What Effect Can an Eviction Have on My Credit?
If you are facing an eviction or have been evicted in the past, you may be concerned about your credit and the possibility of finding accommodation to rent in the future. While having an eviction on your record might make things more complicated, it’s certainly not the end of the world.
How serious is an eviction? An eviction sounds scary and indeed it can be a difficult time if you experience it. But all is certainly not lost, and many individuals and families improve their credit scores after evictions. It doesn’t have to shape your whole life. Here’s what you need to know about eviction and credit.
What is your credit rating and why is it important?
First, let’s clarify why your credit score really matters. Your credit score is a number assigned to you that varies between 300 and 850 but changes over time. Your credit score sums up your creditworthiness, and the higher the better.
Your credit score is calculated based on your credit history and takes into account things like your overall debt level, your repayment history, the number of accounts you currently have open, and other factors.
Your credit score is important because lenders and homeowners use it to assess whether you are creditworthy. This can affect your ability to get a loan from a bank or rent an apartment. If your credit score is too low, a potential landlord may fear that you may not be able to pay your rent on time.
What is an eviction?
An eviction is a legal process that landlords can use to evict a tenant from the property. Evictions usually happen when a tenant doesn’t pay part of their rent, but a landlord can’t just evict a tenant for no reason. Instead, your lease or rental agreement will outline the specific reasons a landlord can evict a tenant. These include things like:
- Failure to pay rent or repeated late payments
- Using property for illegal activities
- Sublet an apartment without the owner’s permission
- Behavior that seriously disturbs other tenants or neighbors
Although rules vary from state to state, a landlord must provide written notice of eviction before they can legally evict a tenant. If you receive an eviction notice, you have several choices about what to do next. You can:
- Go out as directed
- Negotiate with your landlord and agree to resolve the issue to their satisfaction (for example, you could pay off rent due in installments)
- Challenge the eviction in court
Your chances of winning in court depend in part on why you were deported and your state or local laws. Some cities or towns are more tenant friendly in these cases than others.
What is the effect of eviction on credit?
Many landlords or property management companies will perform a credit and background check on potential tenants before agreeing to sign a lease. While evictions don’t show up directly on your credit score, they will be able to see if a landlord or other debt collector has sued you for unpaid bills. So there may be an indirect effect of evictions on your credit.
How does an eviction affect future rental?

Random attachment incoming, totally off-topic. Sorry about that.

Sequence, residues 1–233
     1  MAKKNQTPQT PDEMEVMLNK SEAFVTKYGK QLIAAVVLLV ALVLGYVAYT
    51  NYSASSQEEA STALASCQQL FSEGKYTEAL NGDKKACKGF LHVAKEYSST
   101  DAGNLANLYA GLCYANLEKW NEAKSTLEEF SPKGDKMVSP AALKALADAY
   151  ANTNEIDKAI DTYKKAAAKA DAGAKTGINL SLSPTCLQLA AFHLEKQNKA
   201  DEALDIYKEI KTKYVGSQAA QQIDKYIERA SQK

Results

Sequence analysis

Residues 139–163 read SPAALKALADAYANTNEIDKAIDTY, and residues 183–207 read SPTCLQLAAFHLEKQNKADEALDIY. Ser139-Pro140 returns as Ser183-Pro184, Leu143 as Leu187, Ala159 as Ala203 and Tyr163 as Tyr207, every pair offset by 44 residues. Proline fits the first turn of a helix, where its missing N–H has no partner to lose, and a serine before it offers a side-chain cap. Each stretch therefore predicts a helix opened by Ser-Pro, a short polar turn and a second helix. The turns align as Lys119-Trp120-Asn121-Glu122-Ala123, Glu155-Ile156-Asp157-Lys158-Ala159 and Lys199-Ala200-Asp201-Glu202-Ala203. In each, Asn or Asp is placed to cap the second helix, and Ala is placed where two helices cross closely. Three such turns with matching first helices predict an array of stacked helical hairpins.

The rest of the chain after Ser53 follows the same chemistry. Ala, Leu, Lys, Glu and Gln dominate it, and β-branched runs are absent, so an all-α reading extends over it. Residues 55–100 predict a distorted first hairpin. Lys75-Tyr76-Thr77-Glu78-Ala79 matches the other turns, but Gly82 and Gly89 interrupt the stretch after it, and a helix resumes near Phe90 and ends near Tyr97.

While there is no hard and fast rule, a general rule of thumb is that landlords like to see a credit score of 620 or higher for a potential tenant.
You can check your own credit score quickly and easily and for free on many online banking systems. Mint is also a great resource and can also check your credit score for free. It is generally a good idea to keep an eye on your credit score over time, but especially before submitting a rental application. If your credit score drops lower than you would like, there are ways to build credit and improve your credit score so that you appear more reliable and more creditworthy to a potential homeowner.
Rent with eviction
While it can be a bit more difficult, renting accommodation with an eviction on your account is certainly not impossible. Here are some tips to keep in mind:
Try to remove the eviction from your rental history
You may be able to work with your former landlord or former property management company to negotiate a way to remove an eviction from your rental history. For example, if you’ve been evicted because of your rent, you can agree to pay the amount you owe in installments in exchange for removing the eviction from your history. If you believe you have been evicted by your landlord without cause, you can also take legal action to have the eviction removed from your case.
Tell the truth
If you still have an eviction on your record, the best way to deal with a new owner is to be upfront. Be prepared to explain that you were kicked out, what happened and why it is unlikely to happen again. For example, if you’ve been laid off during a recession and you’re unable to find work right away, the owner may be more sympathetic. Either way, an owner will appreciate finding out the truth from you, rather than through a credit report or reference check.
You may also have to work a little harder to convince the landlord that it is worth hiring you as a tenant by paying a higher security deposit, paying a slightly higher rent, or getting several good references. from previous owners.
Improve your credit
In the meantime, you can also work on improving your credit so that future rentals bring you less hassle. As we have already noted, an eviction will not show up directly on your credit score, but could affect your credit score indirectly. There are a number of ways you can improve your credit score, such as paying off your loans and paying your bills on time.
If you think you might be evicted or have been evicted in the past, take the time to educate yourself on the effect an eviction can have on your credit score and your ability to rent. This will ensure that you are well prepared to improve your credit score or to have a frank conversation with your next landlord.